Monolithic vs. Modular Reuse LibrariesA monolithic reuse library is one where all components of the library are released at the same time as a single unit. A modular reuse library is one where several individual libraries are released at different times, independently as separate and distinct units. For example, LabVIEW ships with a monolithic reuse library called vi.lib , the built-in library of VIs found beneath the <LabVIEW>\vi.lib folder. These VIs are all kept under the same revision and release cycle as LabVIEW, itself. You'll only get new versions of these w:st="on"> VIs when LabVIEW itself is released -- it's monolithic, all or nothing. National Instruments (the makers of LabVIEW) also sells modular libraries, such as the LabVIEW add-on toolkits. These libraries each have their own version, different from LabVIEW’s, and are installed separately. These add-on libraries have dependencies on vi.lib VIs , but rarely have dependencies on other add-ons. zid="101">
src="http://thinkinging.com/wp-content/uploads/2008/02/el_cap.png" style="padding-top: 10px;" align="right" border="0" hspace="4" vspace="0"> zid="34"> Monolithic wins the short racezid="84"> Most LabVIEW developers and teams find that the overhead of the modular reuse library is a show-stopper , right out of the gate. It’s too much work compared to the much-simpler monolithic reuse library, which can be developed and deployed as a single unit. zid="43"> zid="105"> The monolithic reuse library is alluring, because it’s: zid="48">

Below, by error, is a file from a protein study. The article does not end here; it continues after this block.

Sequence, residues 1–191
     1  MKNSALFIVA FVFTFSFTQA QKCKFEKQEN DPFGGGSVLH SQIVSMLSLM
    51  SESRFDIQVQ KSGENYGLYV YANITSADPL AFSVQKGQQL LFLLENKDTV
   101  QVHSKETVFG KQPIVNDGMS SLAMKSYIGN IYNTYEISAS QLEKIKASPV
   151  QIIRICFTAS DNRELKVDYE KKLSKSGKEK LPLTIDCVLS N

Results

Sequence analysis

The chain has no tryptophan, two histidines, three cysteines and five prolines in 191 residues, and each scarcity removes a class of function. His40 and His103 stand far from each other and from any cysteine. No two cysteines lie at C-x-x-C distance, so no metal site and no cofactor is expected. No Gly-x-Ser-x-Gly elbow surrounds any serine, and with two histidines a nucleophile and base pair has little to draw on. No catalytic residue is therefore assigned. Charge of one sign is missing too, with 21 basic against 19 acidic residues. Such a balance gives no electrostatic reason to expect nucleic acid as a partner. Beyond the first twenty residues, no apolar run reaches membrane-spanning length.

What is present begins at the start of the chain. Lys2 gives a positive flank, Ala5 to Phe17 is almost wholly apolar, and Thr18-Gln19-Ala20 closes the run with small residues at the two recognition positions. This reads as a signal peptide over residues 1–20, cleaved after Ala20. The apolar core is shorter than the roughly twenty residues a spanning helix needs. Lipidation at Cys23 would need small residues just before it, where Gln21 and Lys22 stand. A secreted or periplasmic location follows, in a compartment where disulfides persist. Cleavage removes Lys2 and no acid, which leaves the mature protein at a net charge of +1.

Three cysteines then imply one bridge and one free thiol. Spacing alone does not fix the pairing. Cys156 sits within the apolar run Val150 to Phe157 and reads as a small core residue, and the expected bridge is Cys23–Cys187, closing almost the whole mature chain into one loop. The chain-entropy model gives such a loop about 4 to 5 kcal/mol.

- easy to distribute – it might be delivered as a single ZIP file, or a checkout from source code control.
- easy to keep track of which version you have – there is a single version number for the entire reuse library (perhaps a date stamp)
- easy to manage, since there are no external dependencies – every VI that you need is kept within the reuse library, so users will never have missing VIs. zid="55">
But, there are scalability concernsAfter the monolithic reuse system is up and running, several problems loom on the horizon that will slow down progress. Soon, the reuse system might become a victim of its own success and get harder and harder to maintain as the code-base grows.
The solution is a modular systemThe solution to the scalability issues (number of developers, number of project, number of reuse w:st="on"> VIs ) is to make the reuse library modular. The only other option is to stop improving the reuse library – but, we can’t do that, of course. In href="http://thinkinging.com/2008/06/09/monolithic-vs-modular-software-reuse-libraries-part-ii/">part II of this series, I talk about the specific href="http://thinkinging.com/2008/06/09/monolithic-vs-modular-software-reuse-libraries-part-ii/">shortcomings of the monolithic reuse library and how the modular approach can solve them. Of course, this introduces some new problems that will have to be addressed.
What is your experience?Please share your experience with LabVIEW software reuse. I'm curious to know the following:
- Do you have an effective LabVIEW reuse system?
- What does your system look like?
- Is your system monolithic or modular?
- How big is the library?
- How many developers contribute the the library?
- How do you manage your installation?
- Are you feeling any pain points?
- How do you plan to solve them?
style="font-style: italic;">El Capitan style="font-style: italic;" href="http://en.wikipedia.org/wiki/Image:Yosemite_El_Capitan.jpg">photo style="font-style: italic;"> courtesy of Mike Murphy.